|Should you buy stocks now?
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Well, they don't make it easy for you.
Yesterday, the Dow rose 225 points. Enough to keep people guessing. Enough to keep people in the market. Enough to give the 'recovery' spotters something to look at and investors something to hope for.
But is the market really headed down...or not?
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We've posed the question many times ourselves. Our answer is always the same: "it's probably best to think it is going down, even if it isn't."
Because most stocks have still not hit their ultimate lows. If you can't see the bear market's final lows in your rear view mirror, they must be ahead of you.
When you buy stocks that aren't cheap you're completely at the market's mercy. If it goes up, you do all right. If it goes down, you lose money.
Since we don't know what direction the market is going, we'll just wait until stocks are cheap. Then, we won't have to worry about which direction the market takes.
Besides, if we don't know which direction the market is going, we have to assume that there are even odds it will go down or up. Even odds aren't good enough for us. We don't want a level playing field. We want a playing field tipped in our direction. We don't want an honest card game; we want a deck we stacked ourselves.
Which would you prefer, dear reader: to make a dollar...or not lose one? If the odds are even, it assumes one is as a good as the other. But they're not. If you hold onto a dollar, you keep 100% of it. If you make a dollar, on the other hand, you pay taxes on it. After tax, it could end up being worth only 50 cents. That means you'd have to believe a bull market was twice as likely as a bear market before you should invest.
Do you think that? We don't. We think this market is more likely to go down than up. By our reckoning, the bear market began in January 2000. The feds fought it with every weapon in their arsenal. Monetary policy. Fiscal policy. Booby traps. Scorched earth. Everything. And the market responded...for a while. Greenspan's 'emergency' low interest rates caused a huge bubble. Stocks rebounded.
And then the bubble blew.
The Dow fell below 7,000 in March 2009. This time, the feds brought out another, even more powerful weapon. They blasted away with "quantitative easing" – adding $1.2 trillion directly to Fed's reserves. And once again, the market bounced....until about a year later, when the quantitative easing program ran out of ammunition.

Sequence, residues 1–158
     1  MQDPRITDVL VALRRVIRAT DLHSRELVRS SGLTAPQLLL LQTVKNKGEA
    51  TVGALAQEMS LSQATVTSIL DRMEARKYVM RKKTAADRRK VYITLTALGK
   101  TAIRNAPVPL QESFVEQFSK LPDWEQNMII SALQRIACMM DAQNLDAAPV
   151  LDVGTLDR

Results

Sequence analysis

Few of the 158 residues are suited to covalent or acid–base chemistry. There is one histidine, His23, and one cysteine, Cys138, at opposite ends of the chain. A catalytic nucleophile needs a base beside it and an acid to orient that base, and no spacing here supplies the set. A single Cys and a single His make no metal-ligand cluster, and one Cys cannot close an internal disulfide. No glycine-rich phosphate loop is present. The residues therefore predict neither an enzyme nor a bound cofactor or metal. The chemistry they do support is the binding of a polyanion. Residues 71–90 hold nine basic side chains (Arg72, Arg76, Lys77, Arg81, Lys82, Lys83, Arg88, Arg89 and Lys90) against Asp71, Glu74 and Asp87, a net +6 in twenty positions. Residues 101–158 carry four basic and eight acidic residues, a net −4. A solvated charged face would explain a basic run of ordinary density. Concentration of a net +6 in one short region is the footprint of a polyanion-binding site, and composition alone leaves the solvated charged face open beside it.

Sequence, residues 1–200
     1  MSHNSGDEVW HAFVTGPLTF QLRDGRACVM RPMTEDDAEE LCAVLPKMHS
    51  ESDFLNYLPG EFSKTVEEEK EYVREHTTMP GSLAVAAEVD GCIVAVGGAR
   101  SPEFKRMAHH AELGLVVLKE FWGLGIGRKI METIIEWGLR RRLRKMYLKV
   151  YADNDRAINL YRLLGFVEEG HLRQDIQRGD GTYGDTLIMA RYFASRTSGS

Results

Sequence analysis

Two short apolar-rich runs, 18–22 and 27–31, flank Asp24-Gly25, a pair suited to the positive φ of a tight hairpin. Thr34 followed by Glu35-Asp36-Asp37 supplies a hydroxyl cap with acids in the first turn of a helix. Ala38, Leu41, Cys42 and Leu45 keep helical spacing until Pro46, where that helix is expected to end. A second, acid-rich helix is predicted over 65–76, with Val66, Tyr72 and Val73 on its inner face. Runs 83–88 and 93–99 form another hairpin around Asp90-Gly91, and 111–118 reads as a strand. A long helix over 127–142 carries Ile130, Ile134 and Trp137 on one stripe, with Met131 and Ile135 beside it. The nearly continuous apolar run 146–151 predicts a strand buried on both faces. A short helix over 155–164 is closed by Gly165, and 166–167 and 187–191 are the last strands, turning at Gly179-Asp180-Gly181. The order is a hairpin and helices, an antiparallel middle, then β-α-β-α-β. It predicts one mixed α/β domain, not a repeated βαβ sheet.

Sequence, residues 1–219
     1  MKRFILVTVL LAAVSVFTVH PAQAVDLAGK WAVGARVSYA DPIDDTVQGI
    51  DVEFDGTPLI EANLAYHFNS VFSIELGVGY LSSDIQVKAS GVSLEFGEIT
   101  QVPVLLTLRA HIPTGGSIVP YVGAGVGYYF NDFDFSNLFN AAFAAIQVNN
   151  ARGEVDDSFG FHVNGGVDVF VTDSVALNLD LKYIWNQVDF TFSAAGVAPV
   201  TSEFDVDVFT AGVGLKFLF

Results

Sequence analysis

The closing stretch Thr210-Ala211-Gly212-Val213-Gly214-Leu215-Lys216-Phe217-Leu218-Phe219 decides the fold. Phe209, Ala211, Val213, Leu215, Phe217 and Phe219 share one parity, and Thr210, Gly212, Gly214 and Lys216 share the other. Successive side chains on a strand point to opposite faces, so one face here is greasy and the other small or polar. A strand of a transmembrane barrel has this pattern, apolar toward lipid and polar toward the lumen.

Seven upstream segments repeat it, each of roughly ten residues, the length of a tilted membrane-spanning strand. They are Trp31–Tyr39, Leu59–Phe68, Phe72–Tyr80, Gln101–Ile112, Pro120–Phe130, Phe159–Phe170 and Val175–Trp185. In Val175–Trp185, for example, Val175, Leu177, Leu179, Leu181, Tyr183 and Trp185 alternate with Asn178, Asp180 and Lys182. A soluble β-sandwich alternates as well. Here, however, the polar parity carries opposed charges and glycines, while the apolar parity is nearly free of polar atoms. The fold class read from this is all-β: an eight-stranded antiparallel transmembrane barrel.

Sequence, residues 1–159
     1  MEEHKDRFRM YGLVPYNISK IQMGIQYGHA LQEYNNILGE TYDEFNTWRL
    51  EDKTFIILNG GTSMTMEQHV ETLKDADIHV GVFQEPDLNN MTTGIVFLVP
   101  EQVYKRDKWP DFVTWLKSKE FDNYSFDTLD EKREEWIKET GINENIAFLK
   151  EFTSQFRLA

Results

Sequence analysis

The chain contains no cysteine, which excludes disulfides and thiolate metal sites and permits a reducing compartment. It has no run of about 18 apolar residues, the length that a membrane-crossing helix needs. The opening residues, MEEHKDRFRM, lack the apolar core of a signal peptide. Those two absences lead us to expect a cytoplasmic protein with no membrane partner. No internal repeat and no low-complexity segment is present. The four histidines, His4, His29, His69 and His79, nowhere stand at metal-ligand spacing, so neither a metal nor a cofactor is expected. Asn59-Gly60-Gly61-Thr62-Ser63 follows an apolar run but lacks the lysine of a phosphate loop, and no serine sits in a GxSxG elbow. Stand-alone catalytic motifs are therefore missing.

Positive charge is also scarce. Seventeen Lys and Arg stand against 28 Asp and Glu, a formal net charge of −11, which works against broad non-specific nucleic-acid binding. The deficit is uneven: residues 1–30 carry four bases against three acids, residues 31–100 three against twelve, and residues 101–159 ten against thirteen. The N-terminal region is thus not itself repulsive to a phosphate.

You can fight a downturn. You can hold off a bear market – for a while. You can distort a correction – making it much more twisted and nasty. But you can't stop it. One way or another, mistakes will have to be reckoned with. Markets will eventually discover what things are really worth. And in a real downturn, they'll always discover that they are worth less than people thought.
History shows that after a peak is reached, stock prices will keep falling until they become bargains again. Why stop there? Because that's just the way it works. Trees don't grow to the sky. Neither do they stop growing altogether.
So, if you knew that a stock would eventually sell for less, why buy now? Why not wait? What's the hurry?
The reason given for yesterday's big bounce was a pleasant report from the housing market. More houses are being sold, said the news.
Does that get you excited, dear reader? It doesn't do anything for us.
Another report tells us that inventories of unsold houses are still building up.
Meanwhile, the New York Times reports that there is a crisis brewing in student loans. We didn't have to read the article. Students get out of school. They can't find a job. How do you expect them to pay back their loans?
A report in the local paper tells us that more students than ever are enrolling in community college.
Overall, the economic reports are broadly encouraging...but still consistent with our Great Correction hypothesis. This is NOT a normal recovery. Nor is it the end of the world.
We'll wait 'til the end of the world comes; then, we'll buy stocks.
*** Recently, we spotted a line of talk so idiotic we thought of Thomas L. Friedman. Pundits are calling on the US government to take charge of Deepwater Horizon disaster. No kidding. They think the feds should take charge and get the job done.
Let's see, what do federal officials know about drilling for oil? Which bureaucrats could handle a serious blow-out a mile under the water? The ones who run the Post Office? Amtrak? The US Congress?
We're sure the federal government has some intelligent and earnest people working for it. But when it comes to deepwater oil drilling operations, we have a lot more faith in BP to get the job done.
But didn't BP already make a mess of it? Well, yes. But when we saw what these operations try to do, we're amazed that any of them works.
*** "I don't know what I'm going to do. I'm almost 28 years old. I've spent 7 years in college. And I'm not trained for anything. I'm not married. I don't have a job. And soon, I'll be 30 years old."
Sophia was telling us about her career. Her job didn't work out. She isn't sure she wants to continue with physical therapy and massage. She isn't sure she wants to stay in Baltimore. She isn't sure she wants to get together with [a young man she knows]. She isn't sure he wants to either.
"Sophia," we gave her our standard line. "There are only 3 important decisions you need to make in your life. What you do. Whom you do it with. And where you do it. Everything else takes care of itself."
"Yes, but nothing is taking care of itself. And I don't have any answers to any of those questions."
Sometimes we wish we were 25 years old again. Other times, we don't think we could face it. Too many things to figure out.
Bill Bonner is the President & Founder of Agora Inc, an international publisher of financial and special interest books and newsletters.
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